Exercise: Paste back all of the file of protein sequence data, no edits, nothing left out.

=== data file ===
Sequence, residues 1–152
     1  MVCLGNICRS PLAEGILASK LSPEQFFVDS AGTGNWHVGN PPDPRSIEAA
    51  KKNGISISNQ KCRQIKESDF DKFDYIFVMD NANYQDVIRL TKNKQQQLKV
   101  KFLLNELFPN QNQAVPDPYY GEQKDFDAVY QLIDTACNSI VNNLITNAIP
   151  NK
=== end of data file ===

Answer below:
Sequence, residues 1–152
     1  MVCLGNICRS PLAEGILASK LSPEQFFVDS AGTGNWHVGN PPDPRSIEAA
    51  KKNGISISNQ KCRQIKESDF DKFDYIFVMD NANYQDVIRL TKNKQQQLKV
   101  KFLLNELFPN QNQAVPDPYY GEQKDFDAVY QLIDTACNSI VNNLITNAIP
   151  NK